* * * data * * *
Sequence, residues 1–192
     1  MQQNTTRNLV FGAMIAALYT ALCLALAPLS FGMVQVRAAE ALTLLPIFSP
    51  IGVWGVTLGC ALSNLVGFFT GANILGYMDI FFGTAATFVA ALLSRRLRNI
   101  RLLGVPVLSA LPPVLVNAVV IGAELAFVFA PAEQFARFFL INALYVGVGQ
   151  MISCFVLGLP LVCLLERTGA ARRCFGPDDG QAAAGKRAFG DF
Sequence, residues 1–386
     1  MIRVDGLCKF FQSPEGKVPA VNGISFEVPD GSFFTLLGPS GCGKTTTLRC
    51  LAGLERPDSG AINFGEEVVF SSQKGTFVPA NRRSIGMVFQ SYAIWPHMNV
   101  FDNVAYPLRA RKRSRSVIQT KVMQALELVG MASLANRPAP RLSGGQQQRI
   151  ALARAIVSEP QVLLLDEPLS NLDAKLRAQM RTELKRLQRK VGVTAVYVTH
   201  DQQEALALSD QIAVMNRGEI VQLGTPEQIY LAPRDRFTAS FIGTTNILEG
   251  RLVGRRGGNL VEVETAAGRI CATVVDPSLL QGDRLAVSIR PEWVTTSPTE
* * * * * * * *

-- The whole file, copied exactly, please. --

Sequence, residues 1–192
     1  MQQNTTRNLV FGAMIAALYT ALCLALAPLS FGMVQVRAAE ALTLLPIFSP
    51  IGVWGVTLGC ALSNLVGFFT GANILGYMDI FFGTAATFVA ALLSRRLRNI
   101  RLLGVPVLSA LPPVLVNAVV IGAELAFVFA PAEQFARFFL INALYVGVGQ
   151  MISCFVLGLP LVCLLERTGA ARRCFGPDDG QAAAGKRAFG DF
Sequence, residues 1–386
     1  MIRVDGLCKF FQSPEGKVPA VNGISFEVPD GSFFTLLGPS GCGKTTTLRC
    51  LAGLERPDSG AINFGEEVVF SSQKGTFVPA NRRSIGMVFQ SYAIWPHMNV
   101  FDNVAYPLRA RKRSRSVIQT KVMQALELVG MASLANRPAP RLSGGQQQRI
   151  ALARAIVSEP QVLLLDEPLS NLDAKLRAQM RTELKRLQRK VGVTAVYVTH
   201  DQQEALALSD QIAVMNRGEI VQLGTPEQIY LAPRDRFTAS FIGTTNILEG
   251  RLVGRRGGNL VEVETAAGRI CATVVDPSLL QGDRLAVSIR PEWVTTSPTE